With the abundance of BBQ in Brazil, which if you have been following my posts you are quite aware of, it should be of no surprise to you that I had yet one more chance to enjoy one of these feasts during the last week before my holiday. This time it was back to the BBQ pits that are adjacent to the futebol fields where TWers often head for pick up games on weekday evenings. And this time there was actually an occasion for holding this event, some folks from one of the clients were visiting from the US.

Since I still have not become brave enough to try my skills, which I know lack severely, at futebol I was destined to hang out in the BBQ pit area during the game. This turned out to be a very good thing, as Luis, who was preparing the BBQ that evening, was more than willing to run it as a BBQ 101 session to teach us gringoes the tricks of the trade.

First there is the fire. And this is not a simple charcoal grill we are igniting, it needs to burn long and steady to cook the meat just right. So, you start with an old wine or similar bottle and wrap it in newspaper which has been tightly rolled the idea being that when this is surrounded by coals and lit you will get a convection current and a very hot flame.

Once the bottle has been prepared it is set inside the BBQ pit and surrounded by charcoal, here again don’t think of the 4th of July and Kingsford briquettes, this is a mix of something like that and what looks like actual pieces of wood that have been treated is some way to burn very hot.

And now you move to the meat, that’s right you get this fire stuff ready and leave it, that is you don’t light it until all of the meat is ready.

The main work with the meat is the skewering which differs for the type of meat. This night we had 4 types, the first thing to hit the skewers was the sausage which is traditionally placed on the double skewer with each link being pierced twice. At some BBQs there are a number of different sausages, some of which have a good kick to them which is surprising given the general lack of spice in the food here, however this night we only had one.

With that simple task behind them, the chefs moved on to the entrecôt which is not traditionally used in a BBQ since it is not always the best cut of beef. This needed to be sliced to get it into a form where it could be placed on the spear. Think of how you slice a tenderloin when you stuff it making a compact thick piece of meat into a larger thinner one.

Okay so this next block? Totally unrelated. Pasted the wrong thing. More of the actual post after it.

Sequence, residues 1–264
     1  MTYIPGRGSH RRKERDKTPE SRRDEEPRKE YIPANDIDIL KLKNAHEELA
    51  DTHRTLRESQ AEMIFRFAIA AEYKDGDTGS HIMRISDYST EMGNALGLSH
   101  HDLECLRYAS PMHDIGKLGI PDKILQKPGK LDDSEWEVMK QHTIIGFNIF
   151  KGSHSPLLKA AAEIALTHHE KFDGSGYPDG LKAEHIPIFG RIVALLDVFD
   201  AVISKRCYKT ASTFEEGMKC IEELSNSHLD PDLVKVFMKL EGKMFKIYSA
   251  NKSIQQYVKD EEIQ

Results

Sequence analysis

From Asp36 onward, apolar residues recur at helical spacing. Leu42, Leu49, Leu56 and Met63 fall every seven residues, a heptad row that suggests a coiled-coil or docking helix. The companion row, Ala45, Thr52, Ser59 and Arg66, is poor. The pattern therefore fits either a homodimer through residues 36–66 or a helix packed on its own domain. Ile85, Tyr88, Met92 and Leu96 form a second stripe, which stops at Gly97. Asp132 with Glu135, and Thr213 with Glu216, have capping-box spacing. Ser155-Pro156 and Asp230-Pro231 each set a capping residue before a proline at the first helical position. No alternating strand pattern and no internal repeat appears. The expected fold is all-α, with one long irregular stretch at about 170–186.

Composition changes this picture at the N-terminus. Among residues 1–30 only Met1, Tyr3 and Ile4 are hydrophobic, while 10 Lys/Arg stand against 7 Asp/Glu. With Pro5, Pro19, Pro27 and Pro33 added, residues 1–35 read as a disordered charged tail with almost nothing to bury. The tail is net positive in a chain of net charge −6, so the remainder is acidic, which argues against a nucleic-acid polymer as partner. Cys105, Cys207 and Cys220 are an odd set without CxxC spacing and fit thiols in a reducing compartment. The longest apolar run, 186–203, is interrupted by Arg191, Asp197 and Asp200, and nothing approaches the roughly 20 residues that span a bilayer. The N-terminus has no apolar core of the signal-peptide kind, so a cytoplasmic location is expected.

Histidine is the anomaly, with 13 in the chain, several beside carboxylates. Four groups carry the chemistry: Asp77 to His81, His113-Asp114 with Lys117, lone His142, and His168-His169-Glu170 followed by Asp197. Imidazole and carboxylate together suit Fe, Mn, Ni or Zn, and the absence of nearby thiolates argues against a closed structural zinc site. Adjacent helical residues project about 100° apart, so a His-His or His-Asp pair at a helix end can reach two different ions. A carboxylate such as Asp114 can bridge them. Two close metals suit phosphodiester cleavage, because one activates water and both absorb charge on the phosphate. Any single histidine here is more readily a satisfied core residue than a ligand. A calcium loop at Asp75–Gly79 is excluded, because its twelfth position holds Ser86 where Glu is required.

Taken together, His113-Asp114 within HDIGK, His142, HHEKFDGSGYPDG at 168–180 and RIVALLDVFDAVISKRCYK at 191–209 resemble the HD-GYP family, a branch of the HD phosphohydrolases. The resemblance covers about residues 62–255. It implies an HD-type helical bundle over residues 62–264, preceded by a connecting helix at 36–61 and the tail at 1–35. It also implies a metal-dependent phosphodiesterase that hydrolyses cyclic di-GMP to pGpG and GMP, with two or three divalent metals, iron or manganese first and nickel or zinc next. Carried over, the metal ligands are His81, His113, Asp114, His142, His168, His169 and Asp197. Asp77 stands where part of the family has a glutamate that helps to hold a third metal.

It was then time to move on to the good stuff, the picanha, of course what makes it so good is, as with many things, the fat content. Note that this cut, as well as the entrocot, are placed on a skewer that looks more like a narrow sword than the skewers used for meat in the US.

Through all of this skewering one must use a note of caution to check the length of the skewer versus the depth of the BBQ pit occasionally, as you want to make sure that the meat will not be up against the wall or hanging out of the front and thus not cook properly.

The final meat for the evening was a slab of ribs, which was a bit of a challenge to skewer given the bones, but worth the effort.

Things are almost ready to cook now, there is just one step left, the salting. This night we used a simple method where dry salt, sort of like rock salt, is sprinkled generously (maybe sprinkled isn’t the right term) over all of the cuts of meat other than the sausages, actually I don’t recall if the ribs were salted, probably since there was no other seasoning or rub present.

The other two options for salting are to add the salt to water and sprinkle the meat with that mixture or to marinate the meat in the salt for hours before skewering. Given that folks had purchased the meat on the way to the BBQ pits, the last method was not an option.

Now for the final two steps, the grilling and of course the eating. And these are in a way combined, as at a BBQ you don’t wait for everything to be done to eat, you just eat things as they are ready. So given that you pretty much start cooking everything at the same time, the first thing off the grill is the cheese and it is wonderful. Often it is a smokey provolone that is enhanced by the smoke of the BBQ and the pieces are melting and dripping as you pop them in your mouth.

There is a bit of liberty taken with the cooking and serving order, in that generally things are placed on the fire in locations or an order which saves the best for last. So knowing this you would think we would all wise up and wait for the end to eat as we know what’s coming. However, by the time all this prep is done it is generally getting late and we are generally hungry so we dive into the first things available with a furry meaning that we are often stuffed before the spoils are ready. Here again we often choose poorly as we still wind up finding some room for these best pieces and thus, as with many buffet type meals, we wind up eating way too much food.

Of course if you ever go to a Brazilian BBQ restaurant keep this in mind as from what I have heard they will do the same thing there to try to keep from having to serve too much of the good stuff.

Tchau,

Wendy

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